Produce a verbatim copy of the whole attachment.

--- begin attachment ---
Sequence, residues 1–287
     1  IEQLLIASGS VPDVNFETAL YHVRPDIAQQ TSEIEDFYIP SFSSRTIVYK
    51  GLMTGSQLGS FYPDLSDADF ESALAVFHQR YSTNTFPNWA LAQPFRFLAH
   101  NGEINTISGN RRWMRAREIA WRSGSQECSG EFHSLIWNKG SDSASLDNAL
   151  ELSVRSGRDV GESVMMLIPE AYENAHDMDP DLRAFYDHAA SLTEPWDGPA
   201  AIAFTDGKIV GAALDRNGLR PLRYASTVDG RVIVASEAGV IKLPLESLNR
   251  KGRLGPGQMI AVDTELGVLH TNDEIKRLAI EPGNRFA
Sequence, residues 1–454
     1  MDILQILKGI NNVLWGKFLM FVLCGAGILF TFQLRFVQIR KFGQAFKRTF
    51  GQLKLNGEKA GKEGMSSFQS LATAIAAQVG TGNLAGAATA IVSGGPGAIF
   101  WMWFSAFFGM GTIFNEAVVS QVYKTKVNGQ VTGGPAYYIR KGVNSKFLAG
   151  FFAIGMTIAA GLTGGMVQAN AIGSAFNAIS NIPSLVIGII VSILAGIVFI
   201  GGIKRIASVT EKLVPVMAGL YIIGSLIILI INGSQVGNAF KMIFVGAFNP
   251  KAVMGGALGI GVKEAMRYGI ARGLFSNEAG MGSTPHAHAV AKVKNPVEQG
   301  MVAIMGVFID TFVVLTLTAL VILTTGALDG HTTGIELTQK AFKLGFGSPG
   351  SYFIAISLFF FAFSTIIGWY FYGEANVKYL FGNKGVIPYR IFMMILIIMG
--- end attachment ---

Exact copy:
Sequence, residues 1–287
     1  IEQLLIASGS VPDVNFETAL YHVRPDIAQQ TSEIEDFYIP SFSSRTIVYK
    51  GLMTGSQLGS FYPDLSDADF ESALAVFHQR YSTNTFPNWA LAQPFRFLAH
   101  NGEINTISGN RRWMRAREIA WRSGSQECSG EFHSLIWNKG SDSASLDNAL
   151  ELSVRSGRDV GESVMMLIPE AYENAHDMDP DLRAFYDHAA SLTEPWDGPA
   201  AIAFTDGKIV GAALDRNGLR PLRYASTVDG RVIVASEAGV IKLPLESLNR
   251  KGRLGPGQMI AVDTELGVLH TNDEIKRLAI EPGNRFA
Sequence, residues 1–454
     1  MDILQILKGI NNVLWGKFLM FVLCGAGILF TFQLRFVQIR KFGQAFKRTF
    51  GQLKLNGEKA GKEGMSSFQS LATAIAAQVG TGNLAGAATA IVSGGPGAIF
   101  WMWFSAFFGM GTIFNEAVVS QVYKTKVNGQ VTGGPAYYIR KGVNSKFLAG
   151  FFAIGMTIAA GLTGGMVQAN AIGSAFNAIS NIPSLVIGII VSILAGIVFI
   201  GGIKRIASVT EKLVPVMAGL YIIGSLIILI INGSQVGNAF KMIFVGAFNP
   251  KAVMGGALGI GVKEAMRYGI ARGLFSNEAG MGSTPHAHAV AKVKNPVEQG
   301  MVAIMGVFID TFVVLTLTAL VILTTGALDG HTTGIELTQK AFKLGFGSPG
   351  SYFIAISLFF FAFSTIIGWY FYGEANVKYL FGNKGVIPYR IFMMILIIMG